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Microplastic Contamination in Snow from Western Italian Alps

1
Department of Environmental Science and Policy, University of Milan, via Celoria 26, 20133 Milan, Italy
2
Department of Sciences and Technological Innovation, University of Piemonte Orientale, Via T. Michel 11, 15121 Alessandria, Italy
3
European Research Institute, via Pinelli 24/d, 10144 Torino, Italy
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Laboratorio Agenzia Regionale Protezione Ambiente della Valle d’Aosta Loc. La Maladière n. 48, Saint Christophe, 11020 Aosta, Italy
5
ERICA Soc. Coop., via Santa Margherita, 26, 12051 Cuneo, Italy
6
AICA International Association for Environmental Communication, 12051 Cuneo, Italy
*
Author to whom correspondence should be addressed.
Int. J. Environ. Res. Public Health 2021, 18(2), 768; https://doi.org/10.3390/ijerph18020768
Received: 21 December 2020 / Revised: 13 January 2021 / Accepted: 15 January 2021 / Published: 18 January 2021
(This article belongs to the Special Issue Microplastics in Terrestrial Ecosystems)
Recent studies have documented the presence of microplastics (MPs) in remote areas, including soils or sediments collected in mountain and glacier environments, but information on their presence in snow is scant. The present study aimed at exploring the presence of MPs in residual snow collected in four locations of the Aosta Valley (Western Italian Alps), with different accessibility and human presence. Overall, the µ-FTIR analyses confirmed the presence of 18 MPs in snow, 7 (39%) items were fibres, while 11 (61%) were fragments. Polyethylene (PE; 7 MPs) was the main polymer, followed by polyethylene terephthalate (PET; 3 MPs), high density PE (HDPE; 3 MPs), polyester (2 MPs), while only 1 MP made by low density PE, polypropylene and polyurethane were found. The mean (± SE) concentration of MPs in snow ranged between 0.39 ± 0.39 MPs/L and 4.91 ± 2.48 MPs/L, with a mean of 2.32 ± 0.96 MPs/L for the sampling locations. The concentration of MPs did not statistically differ among locations. Our results suggest that MPs presence in high-mountain ecosystems might depend on deposition through atmospheric precipitations or local sources due to human activities. For these reasons, policies aiming at reducing plastic use and dispersal in mountain areas may be effective in preventing local MP contamination. View Full-Text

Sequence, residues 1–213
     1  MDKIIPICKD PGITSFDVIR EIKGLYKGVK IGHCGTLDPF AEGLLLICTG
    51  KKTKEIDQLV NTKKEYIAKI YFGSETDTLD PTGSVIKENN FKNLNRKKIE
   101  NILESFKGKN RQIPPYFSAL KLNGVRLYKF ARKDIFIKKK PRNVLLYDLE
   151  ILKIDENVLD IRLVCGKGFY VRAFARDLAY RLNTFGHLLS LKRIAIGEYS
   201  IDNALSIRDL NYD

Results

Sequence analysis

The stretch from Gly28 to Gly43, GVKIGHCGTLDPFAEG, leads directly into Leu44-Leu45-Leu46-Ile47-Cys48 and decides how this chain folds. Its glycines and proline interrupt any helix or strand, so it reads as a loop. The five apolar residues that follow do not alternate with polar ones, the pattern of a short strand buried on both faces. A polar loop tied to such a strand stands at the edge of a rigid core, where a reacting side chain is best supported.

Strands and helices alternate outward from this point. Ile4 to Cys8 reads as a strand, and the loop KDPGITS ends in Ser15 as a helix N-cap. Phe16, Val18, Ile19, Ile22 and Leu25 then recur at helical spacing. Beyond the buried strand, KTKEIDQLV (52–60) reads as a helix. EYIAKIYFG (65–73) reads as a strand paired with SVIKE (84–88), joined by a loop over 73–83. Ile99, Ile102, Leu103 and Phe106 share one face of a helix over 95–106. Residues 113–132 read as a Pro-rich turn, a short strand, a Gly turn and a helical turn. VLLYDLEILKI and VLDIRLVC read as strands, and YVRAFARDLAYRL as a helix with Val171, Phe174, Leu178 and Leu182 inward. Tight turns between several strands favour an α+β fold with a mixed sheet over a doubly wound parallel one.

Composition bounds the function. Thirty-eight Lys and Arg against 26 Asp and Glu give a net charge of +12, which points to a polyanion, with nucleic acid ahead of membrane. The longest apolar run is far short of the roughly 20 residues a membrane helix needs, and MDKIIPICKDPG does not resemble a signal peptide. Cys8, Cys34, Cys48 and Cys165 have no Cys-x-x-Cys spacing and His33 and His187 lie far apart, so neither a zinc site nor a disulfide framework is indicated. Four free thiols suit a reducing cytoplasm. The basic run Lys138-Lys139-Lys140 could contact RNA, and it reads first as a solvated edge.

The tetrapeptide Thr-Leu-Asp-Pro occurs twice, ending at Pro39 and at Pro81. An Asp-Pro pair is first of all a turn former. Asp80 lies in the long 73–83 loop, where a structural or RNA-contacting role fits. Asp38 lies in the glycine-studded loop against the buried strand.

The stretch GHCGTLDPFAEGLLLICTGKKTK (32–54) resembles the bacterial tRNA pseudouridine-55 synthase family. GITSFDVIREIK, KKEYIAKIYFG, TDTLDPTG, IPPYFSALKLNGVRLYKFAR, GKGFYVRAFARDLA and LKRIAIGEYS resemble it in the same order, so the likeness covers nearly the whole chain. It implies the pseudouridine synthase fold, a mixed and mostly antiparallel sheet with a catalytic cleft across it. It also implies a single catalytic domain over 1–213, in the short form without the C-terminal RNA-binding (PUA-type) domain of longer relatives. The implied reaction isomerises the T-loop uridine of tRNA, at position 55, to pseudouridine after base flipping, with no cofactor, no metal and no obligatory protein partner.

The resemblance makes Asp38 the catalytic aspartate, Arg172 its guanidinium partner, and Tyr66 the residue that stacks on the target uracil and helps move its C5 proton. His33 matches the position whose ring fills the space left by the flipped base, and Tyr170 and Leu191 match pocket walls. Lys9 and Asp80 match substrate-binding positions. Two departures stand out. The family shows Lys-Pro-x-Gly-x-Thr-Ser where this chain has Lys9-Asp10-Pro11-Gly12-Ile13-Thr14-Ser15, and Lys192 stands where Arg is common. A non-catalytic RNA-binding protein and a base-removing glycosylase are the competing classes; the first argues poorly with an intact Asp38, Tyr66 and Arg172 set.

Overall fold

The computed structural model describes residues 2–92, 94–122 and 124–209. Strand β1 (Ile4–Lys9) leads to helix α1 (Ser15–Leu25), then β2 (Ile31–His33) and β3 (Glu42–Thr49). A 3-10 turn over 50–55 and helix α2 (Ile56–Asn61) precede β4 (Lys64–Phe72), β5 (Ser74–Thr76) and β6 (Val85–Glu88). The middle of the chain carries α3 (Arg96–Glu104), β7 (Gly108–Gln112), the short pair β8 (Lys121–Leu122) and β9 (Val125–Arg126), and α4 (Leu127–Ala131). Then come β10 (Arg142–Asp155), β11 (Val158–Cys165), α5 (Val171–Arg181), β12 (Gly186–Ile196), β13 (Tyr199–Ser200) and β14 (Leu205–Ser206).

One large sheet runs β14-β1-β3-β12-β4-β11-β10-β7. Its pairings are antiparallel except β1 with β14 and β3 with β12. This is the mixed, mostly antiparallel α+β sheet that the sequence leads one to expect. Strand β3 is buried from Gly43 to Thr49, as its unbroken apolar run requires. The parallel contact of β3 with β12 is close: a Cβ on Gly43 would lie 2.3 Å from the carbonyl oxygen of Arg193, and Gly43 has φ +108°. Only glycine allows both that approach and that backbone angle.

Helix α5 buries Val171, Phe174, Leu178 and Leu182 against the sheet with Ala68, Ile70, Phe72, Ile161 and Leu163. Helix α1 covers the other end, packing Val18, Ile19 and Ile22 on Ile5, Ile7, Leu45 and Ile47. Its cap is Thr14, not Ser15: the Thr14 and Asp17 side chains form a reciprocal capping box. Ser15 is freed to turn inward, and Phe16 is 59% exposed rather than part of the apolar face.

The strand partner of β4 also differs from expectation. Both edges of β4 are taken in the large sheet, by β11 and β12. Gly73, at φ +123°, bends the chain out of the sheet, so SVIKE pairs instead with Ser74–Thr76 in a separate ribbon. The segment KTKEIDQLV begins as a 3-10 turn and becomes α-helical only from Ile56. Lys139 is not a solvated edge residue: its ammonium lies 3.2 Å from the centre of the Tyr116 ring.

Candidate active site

Keywords: MPs; pollution; Aosta Valley; high-mountain; Italian Alps MPs; pollution; Aosta Valley; high-mountain; Italian Alps
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MDPI and ACS Style

Parolini, M.; Antonioli, D.; Borgogno, F.; Gibellino, M.C.; Fresta, J.; Albonico, C.; De Felice, B.; Canuto, S.; Concedi, D.; Romani, A.; Rosio, E.; Gianotti, V.; Laus, M.; Ambrosini, R.; Cavallo, R. Microplastic Contamination in Snow from Western Italian Alps. Int. J. Environ. Res. Public Health 2021, 18, 768. https://doi.org/10.3390/ijerph18020768

AMA Style

Parolini M, Antonioli D, Borgogno F, Gibellino MC, Fresta J, Albonico C, De Felice B, Canuto S, Concedi D, Romani A, Rosio E, Gianotti V, Laus M, Ambrosini R, Cavallo R. Microplastic Contamination in Snow from Western Italian Alps. International Journal of Environmental Research and Public Health. 2021; 18(2):768. https://doi.org/10.3390/ijerph18020768

Chicago/Turabian Style

Parolini, Marco, Diego Antonioli, Franco Borgogno, Maria C. Gibellino, Jacopo Fresta, Carlo Albonico, Beatrice De Felice, Susanna Canuto, Donatella Concedi, Alessandra Romani, Emanuela Rosio, Valentina Gianotti, Michele Laus, Roberto Ambrosini, and Roberto Cavallo. 2021. "Microplastic Contamination in Snow from Western Italian Alps" International Journal of Environmental Research and Public Health 18, no. 2: 768. https://doi.org/10.3390/ijerph18020768

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